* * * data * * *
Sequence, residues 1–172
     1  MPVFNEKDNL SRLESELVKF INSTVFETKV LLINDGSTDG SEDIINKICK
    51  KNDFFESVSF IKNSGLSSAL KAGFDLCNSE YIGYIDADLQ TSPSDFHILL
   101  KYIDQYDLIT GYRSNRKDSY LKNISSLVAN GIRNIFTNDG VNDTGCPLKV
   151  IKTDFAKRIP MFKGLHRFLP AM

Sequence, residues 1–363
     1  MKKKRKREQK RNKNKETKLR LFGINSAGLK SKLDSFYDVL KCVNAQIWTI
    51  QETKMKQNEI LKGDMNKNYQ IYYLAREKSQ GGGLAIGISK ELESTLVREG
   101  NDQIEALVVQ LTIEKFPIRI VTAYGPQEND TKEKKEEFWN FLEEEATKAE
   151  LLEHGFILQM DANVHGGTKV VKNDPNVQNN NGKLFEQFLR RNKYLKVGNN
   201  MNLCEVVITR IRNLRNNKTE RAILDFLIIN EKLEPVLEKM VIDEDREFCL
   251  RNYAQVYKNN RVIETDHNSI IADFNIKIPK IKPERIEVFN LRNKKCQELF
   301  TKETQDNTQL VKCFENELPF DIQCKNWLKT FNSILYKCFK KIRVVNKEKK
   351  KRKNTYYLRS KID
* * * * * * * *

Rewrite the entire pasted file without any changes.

Sequence, residues 1–172
     1  MPVFNEKDNL SRLESELVKF INSTVFETKV LLINDGSTDG SEDIINKICK
    51  KNDFFESVSF IKNSGLSSAL KAGFDLCNSE YIGYIDADLQ TSPSDFHILL
   101  KYIDQYDLIT GYRSNRKDSY LKNISSLVAN GIRNIFTNDG VNDTGCPLKV
   151  IKTDFAKRIP MFKGLHRFLP AM

Sequence, residues 1–363
     1  MKKKRKREQK RNKNKETKLR LFGINSAGLK SKLDSFYDVL KCVNAQIWTI
    51  QETKMKQNEI LKGDMNKNYQ IYYLAREKSQ GGGLAIGISK ELESTLVREG
   101  NDQIEALVVQ LTIEKFPIRI VTAYGPQEND TKEKKEEFWN FLEEEATKAE
   151  LLEHGFILQM DANVHGGTKV VKNDPNVQNN NGKLFEQFLR RNKYLKVGNN
   201  MNLCEVVITR IRNLRNNKTE RAILDFLIIN EKLEPVLEKM VIDEDREFCL
   251  RNYAQVYKNN RVIETDHNSI IADFNIKIPK IKPERIEVFN LRNKKCQELF
   301  TKETQDNTQL VKCFENELPF DIQCKNWLKT FNSILYKCFK KIRVVNKEKK
   351  KRKNTYYLRS KID